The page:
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Defying the Odds

Defying the Odds
New book about the 2016 election.

Thursday, October 3, 2013

Shutdown History

In The Enduring Revolution, Major Garrett recounts the role of House Appropriations Committee Chairman Bob Livingston (R-LA) in the 1995-1996 shutdowns:
For the Republicans, the gaffes were much more public. With their noncompromising attitude, they played right into the Democrats' strategy of blaming the GOP for the government shutdown. Just before Christmas, Bob Livingston took the floor and bellowed on and on about the GOP's absolute determination to stare down Clinton come Hell or Armageddon. “We will never, never, never give in.... We will stay here till Doomsday."

Looking back, Livingston acknowledges that he and his fellow Republicans made a severe political miscalculation. "The shutdown in retrospect was a mistake and I heavily contributed to that by giving one of the worst speeches of my life," he told me. "It was kind of a Howard Dean speech. At the time the federal employees thought I was crazy and my mother thought I was crazy. She called me and said, `Don't ever give those speeches again.' We handled it badly. It was not a mistake at all in concept. The concept is better used as a threat than in implementation.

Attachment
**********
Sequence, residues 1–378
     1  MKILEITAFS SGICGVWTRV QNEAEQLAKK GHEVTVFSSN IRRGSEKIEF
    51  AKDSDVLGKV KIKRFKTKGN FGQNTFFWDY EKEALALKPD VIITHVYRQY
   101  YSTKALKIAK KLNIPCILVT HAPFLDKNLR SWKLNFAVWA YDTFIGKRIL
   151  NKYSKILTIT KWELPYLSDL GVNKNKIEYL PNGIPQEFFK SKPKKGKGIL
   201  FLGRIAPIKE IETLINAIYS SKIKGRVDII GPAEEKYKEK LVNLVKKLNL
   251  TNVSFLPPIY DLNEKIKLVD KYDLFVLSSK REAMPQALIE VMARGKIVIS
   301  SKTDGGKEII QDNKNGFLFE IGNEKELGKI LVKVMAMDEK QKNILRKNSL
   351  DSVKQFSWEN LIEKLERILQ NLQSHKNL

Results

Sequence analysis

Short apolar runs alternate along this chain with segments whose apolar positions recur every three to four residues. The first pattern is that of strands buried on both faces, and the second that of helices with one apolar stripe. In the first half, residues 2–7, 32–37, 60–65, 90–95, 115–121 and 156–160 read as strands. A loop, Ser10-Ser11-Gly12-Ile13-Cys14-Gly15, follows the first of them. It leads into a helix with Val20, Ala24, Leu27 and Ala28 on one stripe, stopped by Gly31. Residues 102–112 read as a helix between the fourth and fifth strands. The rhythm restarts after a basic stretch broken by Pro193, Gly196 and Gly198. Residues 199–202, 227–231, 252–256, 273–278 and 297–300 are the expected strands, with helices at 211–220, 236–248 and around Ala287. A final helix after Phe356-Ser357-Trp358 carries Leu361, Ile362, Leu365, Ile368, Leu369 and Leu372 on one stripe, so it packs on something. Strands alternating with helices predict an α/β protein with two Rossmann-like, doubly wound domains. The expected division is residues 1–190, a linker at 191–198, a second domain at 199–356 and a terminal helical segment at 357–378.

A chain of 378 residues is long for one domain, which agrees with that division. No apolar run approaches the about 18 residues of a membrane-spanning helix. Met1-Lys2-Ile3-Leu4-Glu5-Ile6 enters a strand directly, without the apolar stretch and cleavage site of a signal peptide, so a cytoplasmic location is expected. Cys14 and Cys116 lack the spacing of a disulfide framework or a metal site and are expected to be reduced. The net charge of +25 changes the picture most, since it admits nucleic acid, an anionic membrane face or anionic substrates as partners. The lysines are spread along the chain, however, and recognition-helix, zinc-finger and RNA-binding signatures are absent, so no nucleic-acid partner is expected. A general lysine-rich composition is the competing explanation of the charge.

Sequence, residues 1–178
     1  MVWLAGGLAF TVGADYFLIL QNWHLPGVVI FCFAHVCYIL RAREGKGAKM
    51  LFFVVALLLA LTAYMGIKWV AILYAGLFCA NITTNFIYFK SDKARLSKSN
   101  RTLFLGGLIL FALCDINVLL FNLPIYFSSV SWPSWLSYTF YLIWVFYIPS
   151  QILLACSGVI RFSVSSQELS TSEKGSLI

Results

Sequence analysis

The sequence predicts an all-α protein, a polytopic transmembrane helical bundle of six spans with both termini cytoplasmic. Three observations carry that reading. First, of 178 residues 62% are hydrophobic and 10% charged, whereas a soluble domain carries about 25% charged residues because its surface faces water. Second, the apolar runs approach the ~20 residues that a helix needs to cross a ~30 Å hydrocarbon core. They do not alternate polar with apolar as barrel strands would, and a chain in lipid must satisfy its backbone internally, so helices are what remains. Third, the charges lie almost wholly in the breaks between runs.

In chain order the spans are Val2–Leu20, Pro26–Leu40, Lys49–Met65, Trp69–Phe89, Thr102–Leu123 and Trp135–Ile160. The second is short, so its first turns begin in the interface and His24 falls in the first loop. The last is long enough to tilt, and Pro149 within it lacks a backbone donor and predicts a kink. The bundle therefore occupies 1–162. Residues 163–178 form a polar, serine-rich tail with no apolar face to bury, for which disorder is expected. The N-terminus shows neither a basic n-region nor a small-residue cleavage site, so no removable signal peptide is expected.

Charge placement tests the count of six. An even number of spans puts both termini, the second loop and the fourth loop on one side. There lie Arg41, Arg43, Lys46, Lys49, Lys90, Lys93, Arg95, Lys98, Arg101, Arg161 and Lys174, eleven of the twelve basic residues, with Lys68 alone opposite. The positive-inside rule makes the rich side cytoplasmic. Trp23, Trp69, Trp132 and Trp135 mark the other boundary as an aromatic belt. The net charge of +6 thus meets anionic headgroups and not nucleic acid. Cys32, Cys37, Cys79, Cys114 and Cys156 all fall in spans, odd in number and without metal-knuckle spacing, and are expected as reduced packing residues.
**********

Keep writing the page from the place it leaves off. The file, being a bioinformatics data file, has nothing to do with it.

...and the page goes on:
At NRO, Andrew Stiles writes:
Historically speaking, it is rather remarkable that Washington hasn’t experienced a government shutdown in nearly two decades. The shutdowns of the mid 1990s have been the subject of much debate. Beyond that, however, the chattering class appears to suffer from a short memory, as it often does.
At this point in Ronald Reagan’s second term, for example, the government had already shut down six times, for a total of twelve days, as a result of failed budget negotiations between the White House, a Republican Senate, and House Democrats under the leadership of Speaker Tip O’Neill (D., Mass.) — precisely the opposite of the political dynamic that exists today. Former O’Neill staffer and MSNBC pundit Chris Matthews has written an entire book extolling that era as a time “when politics worked.” (You can probably guess how he feels about the current situation.)
O’Neill presided over a total of seven government shutdowns under Reagan, and five during the Jimmy Carter administration, meaning that he played a role in precisely two-thirds of all the government shutdowns since the modern budgeting process has been in place. Representative Raul Labrador (R., Idaho) pointed this out to Matthews on Meet the Press on Sunday, noting that O’Neill was never called a terrorist for shutting the government down over budget negotiations. Matthews didn’t care for the reminder and even questioned the source of Labrador’s claim; it was the Washington Post.